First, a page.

Guardianship issues affect individual voting rights

People with disabilities have the same voting right as any other citizens. But individuals with disabilities who are under guardianship […]

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People with disabilities have the same voting right as any other citizens. But individuals with disabilities who are under guardianship or who live in residential facilities are often uncertain about their voting rights. During the 2008 presidential election, family members in Iowa and Nebraska tried to challenge the voting rights of their adult children. Know the law before casting a ballot.


In Minnesota, only a court may decide whether an individual is not competent to vote. Individuals under guardianship have the right to vote unless a court has specifically revoked an individual’s right to vote.

If a person under guardianship is unsure of his or her legal right to vote, the first step is to check an individual guardianship order. If the order says nothing about voting, then he or she has the right to vote. If the court order states that an individual’s right to vote has been revoked, and there is desire to restore that right, the individual should contact the court that ordered the guardianship and ask the court administrator to schedule a hearing to modify the court order. The next step is to petition the court to have the right to vote reinstated. Any Minnesotan seeking to restore his or her voting rights is entitled to a court-appointed lawyer’s assistance.

Residential facility

Individuals who live in a residential facility have the right to vote. A residential facility is a nursing home, an assisted living facility, a residential treatment center, a group home or a battered women’s shelter.


Individuals who cannot prove their residence at a residential facility are able to vote on Election Day by having an employee of the facility come to the polling place and “vouch” for them. Vouching entails having the employee sign a legal oath stating they personally know that the resident resides in the precinct. A person who goes to the polling place with a voucher can register and vote on Election Day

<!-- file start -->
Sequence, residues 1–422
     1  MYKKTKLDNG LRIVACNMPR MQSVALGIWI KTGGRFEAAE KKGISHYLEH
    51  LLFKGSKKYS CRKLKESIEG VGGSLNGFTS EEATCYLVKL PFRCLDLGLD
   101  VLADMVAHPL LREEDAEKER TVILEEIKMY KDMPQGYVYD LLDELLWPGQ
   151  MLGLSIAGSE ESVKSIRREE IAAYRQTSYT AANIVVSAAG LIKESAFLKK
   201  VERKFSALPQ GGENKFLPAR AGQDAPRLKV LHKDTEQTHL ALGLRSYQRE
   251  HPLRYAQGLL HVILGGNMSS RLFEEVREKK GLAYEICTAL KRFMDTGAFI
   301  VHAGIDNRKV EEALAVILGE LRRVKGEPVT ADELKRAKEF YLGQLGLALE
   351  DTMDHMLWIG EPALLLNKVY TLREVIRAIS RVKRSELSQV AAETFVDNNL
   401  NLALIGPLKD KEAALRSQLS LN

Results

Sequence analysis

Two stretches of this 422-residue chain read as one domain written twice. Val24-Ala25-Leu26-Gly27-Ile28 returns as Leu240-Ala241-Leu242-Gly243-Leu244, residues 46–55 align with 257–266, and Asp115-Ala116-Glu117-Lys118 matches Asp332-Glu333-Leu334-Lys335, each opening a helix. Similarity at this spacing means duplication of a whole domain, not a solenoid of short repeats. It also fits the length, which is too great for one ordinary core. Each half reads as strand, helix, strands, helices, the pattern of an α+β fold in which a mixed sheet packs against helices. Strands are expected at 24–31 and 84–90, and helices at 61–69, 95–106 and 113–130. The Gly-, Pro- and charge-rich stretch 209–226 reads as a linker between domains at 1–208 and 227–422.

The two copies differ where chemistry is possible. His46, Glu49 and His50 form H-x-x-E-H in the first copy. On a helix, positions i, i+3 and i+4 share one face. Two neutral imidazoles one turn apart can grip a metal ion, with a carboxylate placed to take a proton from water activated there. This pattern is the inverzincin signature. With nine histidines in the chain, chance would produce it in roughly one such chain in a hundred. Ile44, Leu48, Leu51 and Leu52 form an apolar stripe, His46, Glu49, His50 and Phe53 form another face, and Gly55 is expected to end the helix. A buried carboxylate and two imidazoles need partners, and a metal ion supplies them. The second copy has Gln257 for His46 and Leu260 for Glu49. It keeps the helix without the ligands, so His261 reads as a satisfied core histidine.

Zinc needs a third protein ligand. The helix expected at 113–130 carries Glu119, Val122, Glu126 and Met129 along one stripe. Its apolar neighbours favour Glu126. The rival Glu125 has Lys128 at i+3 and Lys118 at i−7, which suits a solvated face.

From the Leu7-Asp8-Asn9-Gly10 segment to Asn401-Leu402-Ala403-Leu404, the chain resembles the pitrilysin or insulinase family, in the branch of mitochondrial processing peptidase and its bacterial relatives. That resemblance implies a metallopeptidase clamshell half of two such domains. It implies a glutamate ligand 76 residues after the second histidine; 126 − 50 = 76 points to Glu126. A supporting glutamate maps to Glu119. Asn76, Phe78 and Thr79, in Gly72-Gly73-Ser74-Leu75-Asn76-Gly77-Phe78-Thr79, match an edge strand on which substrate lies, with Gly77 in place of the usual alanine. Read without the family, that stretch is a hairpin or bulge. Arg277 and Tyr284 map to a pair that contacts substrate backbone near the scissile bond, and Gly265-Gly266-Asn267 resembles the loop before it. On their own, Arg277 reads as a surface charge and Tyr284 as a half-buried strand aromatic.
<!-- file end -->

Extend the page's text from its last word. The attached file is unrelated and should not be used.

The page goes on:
The procedures governing vouching are complex. The main requirements are for residential facilities to provide a certified list of names of current employees and the address of the facility to the appropriate county auditor at least 20 days before each election. Employees who vouch must be residents of Minnesota and eligible to vote. However, they do not have to live in the precinct in which they are vouching and there is no limit on the number of residents for whom an employee can vouch.

Voting by agent

Persons residing in a residential facility who aren’t able to get to the polls on Election Day can vote in Minnesota by using a designated agent. Minnesota law lets you designate a person (your “agent”) to pick up an absentee ballot, bring it to the voter and return it to the county auditor or city clerk where the voter lives. This is allowed only during the last seven days prior to the election and until 2 p.m. on Election Day. The agent must return the completed absentee ballot to the local election official’s office by 3 p.m. on Election Day for it to be counted.

In order to have an agent deliver a ballot, the voter must complete a Request for Agent Delivery of Absentee Ballot Form and an Absentee Ballot Application. These forms can be obtained from your local election official’s office.

Voters must have a preexisting relationship with the agent. Each agent is only allowed to deliver and return ballots for a maximum of three voters.  

Voting in person with assistance

Voters with disabilities who want to vote on Election Day can ask for assistance at the polling place. Remember that while assistance is offered, a voter may decline it. No one may handle a ballot without the voter’s permission.

A voter can bring a helper to the polls. However, helpers can only assist a voter in casting a ballot. A head election judge may ask the voter and helper, “Are you being assisted or are you being influenced?” This is done to ensure that the voter is not being told whom to vote for.  Anyone coming to the polling place needs to talk to the head precinct judge for various types of assistance. Minnesota offers car side or motor voting, for voters who cannot get out of their vehicles. After arriving at a polling place, send someone inside to ask for help. The head judge will send out two judges of different political parties to help fill out the ballot. Judges of different parties help so that one party does not have undue influence.

Voters who vote at the polls can ask the head judge for assistance in filling out a ballot. Again, two judges from different parties will be assigned to assist.

Minnesota also offers Auto-Mark voting machines, which can be used to mark a ballot. The machines are designed for voters with visual and hearing impairments. These devices mark a ballot but don’t count it. All ballots still have to be inserted in a counting device. Many cities and counties in Minnesota have one election judge per precinct who is specifically trained to help with the AutoMark.

Anyone with additional questions voting rights, visit the Minnesota Secretary of State’s website at www.sos. Now go out and VOTE!

Justin Page works for the, Minnesota Disability Law Center.  Access Press staff con-tributed to this article.

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